I have been reminded of this experience repeatedly over all these years since I have seen businesses, large and small, taking the same stance – low pricing to grab the market easily. This is mostly driven by the fear of a higher price not being accepted by the market.
In today’s startup era, with investors pushing entrepreneurs for a quick scale up to grab markets, it has just got worse.The entrepreneurs also get carried away by the euphoria of being a startup and defer some of the harder thinking to a later point, once the model is better understood.
What we do not realise is the big hole we dig into our pockets by delaying this hard-nosed thinking.
Even if backed by investors, it is a waste of money to just drain it out by underpricing your products, for the sake of the elusive “market grab”! The moment a competitor appears with another lucrative offer, the customer switches loyalty and the entire acquisition cost is a waste!
The investor money could be better used for product and infrastructure development or brand building.
An extreme case in point is the e-wallet industry
E-wallet brands, in order to build a name and presence in the urban middle class, went for aggressive communication spends and invented the concept of cash backs; the more cash stacked the brand (I don’t want to call them “cash rich”, since they didn’t earn the cash), the more they threw money.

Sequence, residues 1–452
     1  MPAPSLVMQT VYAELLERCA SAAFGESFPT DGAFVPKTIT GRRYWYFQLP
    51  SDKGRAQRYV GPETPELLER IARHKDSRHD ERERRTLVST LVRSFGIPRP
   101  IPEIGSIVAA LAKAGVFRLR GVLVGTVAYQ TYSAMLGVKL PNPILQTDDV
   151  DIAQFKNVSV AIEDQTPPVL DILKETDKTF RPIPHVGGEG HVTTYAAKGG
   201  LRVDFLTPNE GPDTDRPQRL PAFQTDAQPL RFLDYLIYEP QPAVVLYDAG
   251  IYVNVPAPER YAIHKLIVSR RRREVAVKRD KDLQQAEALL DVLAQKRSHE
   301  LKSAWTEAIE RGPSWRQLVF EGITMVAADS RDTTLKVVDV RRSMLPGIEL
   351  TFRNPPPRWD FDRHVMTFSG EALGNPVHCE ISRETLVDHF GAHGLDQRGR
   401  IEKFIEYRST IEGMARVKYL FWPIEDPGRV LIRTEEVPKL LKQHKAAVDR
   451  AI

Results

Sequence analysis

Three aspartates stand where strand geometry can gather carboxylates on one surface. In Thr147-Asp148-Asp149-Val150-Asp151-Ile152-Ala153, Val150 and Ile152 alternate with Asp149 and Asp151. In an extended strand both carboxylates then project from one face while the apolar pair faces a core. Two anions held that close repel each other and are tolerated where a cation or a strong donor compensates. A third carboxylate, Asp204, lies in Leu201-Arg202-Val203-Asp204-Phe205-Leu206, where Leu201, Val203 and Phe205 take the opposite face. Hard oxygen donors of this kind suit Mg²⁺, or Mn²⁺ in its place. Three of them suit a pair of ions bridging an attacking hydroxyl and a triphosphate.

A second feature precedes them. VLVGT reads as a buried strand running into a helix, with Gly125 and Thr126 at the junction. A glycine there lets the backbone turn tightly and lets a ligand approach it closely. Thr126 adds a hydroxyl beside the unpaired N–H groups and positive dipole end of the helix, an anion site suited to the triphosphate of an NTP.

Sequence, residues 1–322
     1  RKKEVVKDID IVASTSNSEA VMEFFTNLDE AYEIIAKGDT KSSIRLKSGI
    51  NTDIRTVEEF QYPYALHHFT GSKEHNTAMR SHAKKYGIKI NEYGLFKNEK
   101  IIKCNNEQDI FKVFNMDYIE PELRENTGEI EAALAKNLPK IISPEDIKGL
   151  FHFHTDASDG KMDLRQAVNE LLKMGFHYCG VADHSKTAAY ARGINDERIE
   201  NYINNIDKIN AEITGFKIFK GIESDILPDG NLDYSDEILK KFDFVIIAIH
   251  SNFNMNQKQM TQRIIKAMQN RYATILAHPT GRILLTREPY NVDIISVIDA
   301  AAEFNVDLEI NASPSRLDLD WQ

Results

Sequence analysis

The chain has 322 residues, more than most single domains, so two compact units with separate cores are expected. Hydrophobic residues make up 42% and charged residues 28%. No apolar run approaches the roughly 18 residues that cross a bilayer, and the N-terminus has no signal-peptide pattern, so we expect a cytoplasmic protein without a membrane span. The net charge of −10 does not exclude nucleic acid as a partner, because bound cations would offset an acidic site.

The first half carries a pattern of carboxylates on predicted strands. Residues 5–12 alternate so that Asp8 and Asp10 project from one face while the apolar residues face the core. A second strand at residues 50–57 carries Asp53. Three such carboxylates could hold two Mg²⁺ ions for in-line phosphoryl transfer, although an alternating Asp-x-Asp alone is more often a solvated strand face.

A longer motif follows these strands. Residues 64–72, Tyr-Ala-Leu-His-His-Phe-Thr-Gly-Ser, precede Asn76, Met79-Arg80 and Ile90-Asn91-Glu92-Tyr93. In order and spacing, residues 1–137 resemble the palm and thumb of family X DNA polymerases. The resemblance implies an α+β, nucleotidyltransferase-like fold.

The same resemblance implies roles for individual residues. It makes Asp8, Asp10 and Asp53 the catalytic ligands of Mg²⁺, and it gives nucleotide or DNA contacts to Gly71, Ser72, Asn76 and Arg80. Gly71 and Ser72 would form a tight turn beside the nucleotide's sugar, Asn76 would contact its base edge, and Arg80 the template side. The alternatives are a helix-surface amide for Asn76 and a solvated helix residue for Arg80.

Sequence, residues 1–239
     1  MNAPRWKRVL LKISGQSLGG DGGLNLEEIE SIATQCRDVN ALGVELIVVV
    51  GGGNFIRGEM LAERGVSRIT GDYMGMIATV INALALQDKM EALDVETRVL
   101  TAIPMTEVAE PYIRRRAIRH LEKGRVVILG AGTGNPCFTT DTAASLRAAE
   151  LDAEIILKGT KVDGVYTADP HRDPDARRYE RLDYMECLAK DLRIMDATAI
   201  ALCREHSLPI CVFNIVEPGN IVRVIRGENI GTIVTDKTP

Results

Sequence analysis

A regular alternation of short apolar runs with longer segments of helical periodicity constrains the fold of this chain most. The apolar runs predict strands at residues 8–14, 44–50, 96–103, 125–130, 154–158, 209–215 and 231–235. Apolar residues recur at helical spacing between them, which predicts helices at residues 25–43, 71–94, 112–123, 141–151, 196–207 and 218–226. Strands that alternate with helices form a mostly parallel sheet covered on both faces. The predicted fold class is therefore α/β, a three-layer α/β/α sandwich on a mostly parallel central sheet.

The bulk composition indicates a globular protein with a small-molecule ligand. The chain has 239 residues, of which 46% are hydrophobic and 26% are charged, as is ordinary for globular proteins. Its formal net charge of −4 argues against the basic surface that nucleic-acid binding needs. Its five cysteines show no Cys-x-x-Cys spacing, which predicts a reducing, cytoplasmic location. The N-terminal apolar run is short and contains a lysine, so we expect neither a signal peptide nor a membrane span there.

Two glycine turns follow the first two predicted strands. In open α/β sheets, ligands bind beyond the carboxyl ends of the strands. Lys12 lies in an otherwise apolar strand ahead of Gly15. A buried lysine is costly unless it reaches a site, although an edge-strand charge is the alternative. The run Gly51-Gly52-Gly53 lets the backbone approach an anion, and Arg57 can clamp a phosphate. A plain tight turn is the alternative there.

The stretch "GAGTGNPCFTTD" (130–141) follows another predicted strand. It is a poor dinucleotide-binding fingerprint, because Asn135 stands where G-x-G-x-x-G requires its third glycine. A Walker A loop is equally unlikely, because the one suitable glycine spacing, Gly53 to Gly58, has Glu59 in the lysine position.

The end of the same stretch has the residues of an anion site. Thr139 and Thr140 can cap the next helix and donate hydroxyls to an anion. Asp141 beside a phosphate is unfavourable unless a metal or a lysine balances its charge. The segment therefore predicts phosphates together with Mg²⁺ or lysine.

But whether a sticky customer base got created or what the real net margins are, if any, is anybody’s guess.
The urban middle class has bank accounts, debit cards, credit cards and cash. With so many options, the e-wallet for payments is really just an added facility. The few months of cash crunch, post demonetisation, pushed up the demand; but the moment cash came back, many consumers moved back to cash payments.
Unless there is a compelling reason to switch, the consumer won’t change habits; and in absence of the compelling reason, brands will continue to throw incentives disproportionate to their revenues to keep transactions going.
No wonder that there is a scramble now amongst the e-wallet brands, to somehow consolidate and escape the imminent collapse some of them are facing.
The telecom wallets, on the other hand, have quietly but confidently built a user base in the lower economic strata, on the strength of their brand and distribution muscle.
They offered a service which the low-end consumer really needed – convenient money transfer facility. A service for which the consumer happily pays the price asked for. This customer will eventually move smoothly into the payments bank business of the Telco.
Product Propositions and Customer Behaviour
Customers pay a price based on how important the product or service is for them. The importance is based on either a strong functional differentiation or a strong emotional satisfaction such as a need to meet social or family belonging.As long as the product meets one or the other need, the consumer will pay the price asked for.